In just a few short weeks, I’ve already learned a tremendous amount from my Kenan Fellows internship. My mind is constantly racing thinking about all of the things I want to do, make, and create based off of my experiences, so much so that it is often hard to actually sit down and focus on one thing!

So far in the lab, I’ve been able to sit in and observe a lot of different processes. I’ve watched the feeding, splitting, and managing of cell cultures, which requires a sterile procedure to ensure that the cells aren’t killed or contaminated. I’ve seen and helped out with the preparing of agar plates for future experiments. I’ve learned that the word laser stands for “Light Amplification by Stimulation Emission of Radiation”. And, I’ve had the chance to watch cells be imaged with the big fancy microscopes, which are a far cry from anything I’ve ever seen or used before! The idea of watching a cell go through mitosis, live and on camera, right before my eyes, is SO COOL! However, in practice, it has at times made my eyes droop – not from boredom, but from the act of sitting in a warm, quiet, dark, imaging room for two hours at a time. Can you blame me? It’s worth it in the end when we get a time-lapse of a cell, and when we can see the process of mitosis through from beginning to end. How amazing is it that I get to be here and watch it happen?!?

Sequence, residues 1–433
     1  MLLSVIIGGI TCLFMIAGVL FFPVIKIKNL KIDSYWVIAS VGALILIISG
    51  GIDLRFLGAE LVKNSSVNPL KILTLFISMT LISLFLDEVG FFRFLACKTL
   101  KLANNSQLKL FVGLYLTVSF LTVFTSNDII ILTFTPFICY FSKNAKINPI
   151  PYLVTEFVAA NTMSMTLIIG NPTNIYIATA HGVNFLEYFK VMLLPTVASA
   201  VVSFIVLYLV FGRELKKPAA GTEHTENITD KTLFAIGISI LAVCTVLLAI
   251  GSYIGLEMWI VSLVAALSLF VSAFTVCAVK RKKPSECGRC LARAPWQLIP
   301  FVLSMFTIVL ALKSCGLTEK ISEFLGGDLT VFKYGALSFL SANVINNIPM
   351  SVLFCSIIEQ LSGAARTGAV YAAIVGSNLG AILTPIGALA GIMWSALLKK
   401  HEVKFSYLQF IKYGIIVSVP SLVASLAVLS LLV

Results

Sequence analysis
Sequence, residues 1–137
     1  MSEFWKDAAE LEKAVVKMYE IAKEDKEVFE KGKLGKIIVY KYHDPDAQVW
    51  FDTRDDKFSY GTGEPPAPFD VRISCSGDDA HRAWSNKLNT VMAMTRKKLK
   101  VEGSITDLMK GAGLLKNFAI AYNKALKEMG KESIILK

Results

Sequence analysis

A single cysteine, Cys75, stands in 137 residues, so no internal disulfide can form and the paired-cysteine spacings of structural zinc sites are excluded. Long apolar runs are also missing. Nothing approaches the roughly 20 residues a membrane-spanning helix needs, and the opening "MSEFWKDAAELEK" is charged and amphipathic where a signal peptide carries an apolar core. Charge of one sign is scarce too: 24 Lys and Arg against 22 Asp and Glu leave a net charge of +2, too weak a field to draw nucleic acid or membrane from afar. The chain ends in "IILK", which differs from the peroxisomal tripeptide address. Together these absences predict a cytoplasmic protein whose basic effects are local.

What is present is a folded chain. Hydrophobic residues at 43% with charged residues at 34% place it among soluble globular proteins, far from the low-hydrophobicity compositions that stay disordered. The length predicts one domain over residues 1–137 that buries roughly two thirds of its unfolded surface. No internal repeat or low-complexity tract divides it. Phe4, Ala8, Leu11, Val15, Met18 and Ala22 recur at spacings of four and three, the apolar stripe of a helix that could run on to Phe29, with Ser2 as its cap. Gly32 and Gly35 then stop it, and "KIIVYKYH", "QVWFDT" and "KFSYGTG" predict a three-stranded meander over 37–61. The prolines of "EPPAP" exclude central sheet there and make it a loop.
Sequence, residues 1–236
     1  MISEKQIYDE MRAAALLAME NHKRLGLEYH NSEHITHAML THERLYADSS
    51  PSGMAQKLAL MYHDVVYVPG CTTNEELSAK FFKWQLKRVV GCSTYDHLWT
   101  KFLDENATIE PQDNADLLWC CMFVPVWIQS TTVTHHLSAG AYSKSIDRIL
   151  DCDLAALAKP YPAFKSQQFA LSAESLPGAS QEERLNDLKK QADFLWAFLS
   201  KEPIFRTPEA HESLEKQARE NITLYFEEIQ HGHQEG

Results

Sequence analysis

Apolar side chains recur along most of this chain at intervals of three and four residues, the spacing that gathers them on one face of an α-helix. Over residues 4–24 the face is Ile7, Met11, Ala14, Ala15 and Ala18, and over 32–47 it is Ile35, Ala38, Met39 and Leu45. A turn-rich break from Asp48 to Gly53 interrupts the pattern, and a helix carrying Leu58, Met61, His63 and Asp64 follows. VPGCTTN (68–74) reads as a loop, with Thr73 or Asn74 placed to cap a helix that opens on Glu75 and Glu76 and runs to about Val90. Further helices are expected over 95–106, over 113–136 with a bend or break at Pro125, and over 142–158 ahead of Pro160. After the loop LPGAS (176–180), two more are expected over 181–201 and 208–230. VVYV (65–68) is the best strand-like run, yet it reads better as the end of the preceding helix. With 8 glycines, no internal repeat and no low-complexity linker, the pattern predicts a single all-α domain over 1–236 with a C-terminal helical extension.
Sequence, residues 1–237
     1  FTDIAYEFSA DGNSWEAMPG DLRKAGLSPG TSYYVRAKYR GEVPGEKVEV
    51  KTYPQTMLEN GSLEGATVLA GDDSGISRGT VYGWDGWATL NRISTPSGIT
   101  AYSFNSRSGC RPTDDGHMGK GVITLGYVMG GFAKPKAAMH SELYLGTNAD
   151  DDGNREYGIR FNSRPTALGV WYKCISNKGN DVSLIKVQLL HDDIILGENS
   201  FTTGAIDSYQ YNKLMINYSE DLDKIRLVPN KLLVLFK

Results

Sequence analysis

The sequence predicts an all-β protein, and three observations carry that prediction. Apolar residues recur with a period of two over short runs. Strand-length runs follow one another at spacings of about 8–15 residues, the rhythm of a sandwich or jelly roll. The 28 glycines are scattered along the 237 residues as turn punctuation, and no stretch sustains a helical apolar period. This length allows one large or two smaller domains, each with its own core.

A big takeaway from this experience is that being in the lab and being in the classroom have something quite obvious in common – sometimes, things don’t go as planned! Quite a few times, we’ve been working on something in the lab only to find out that it didn’t work – like when the microscope stopped working during imaging and when the computer crashed (twice) during another imaging session, or when the gel on an electrophoresis machine cracked and we had to start all over, and that time the lens wasn’t the right one for the microscope, sending us on a goose chase through a six-story building.

Being in the lab, I’ve also learned how much of what goes on here is a team effort. No one single person is on their own, and there is always someone around to help collect data, prepare materials, or talk thorough ideas as needed. It’s just like in education – no one person holds all of the answers, and we have to rely on each other to make sure we are putting our best work out there.

Lastly, science is for everyone, and “you don’t have to be super special to do science” (Thanks for the quote, Paul!). I’ve always known that in my head, but here, I’m feeling it in my heart. I don’t think I truly felt it deep down that I could do this, too, until I sat down with sterile hands and helped exchange media for a cell culture or planned to thaw and culture a cell line all on my own. Science is empowering, and I can’t wait to take what I’m learning and experiencing here back to my students and to my classroom and help them feel empowered to be scientists, too.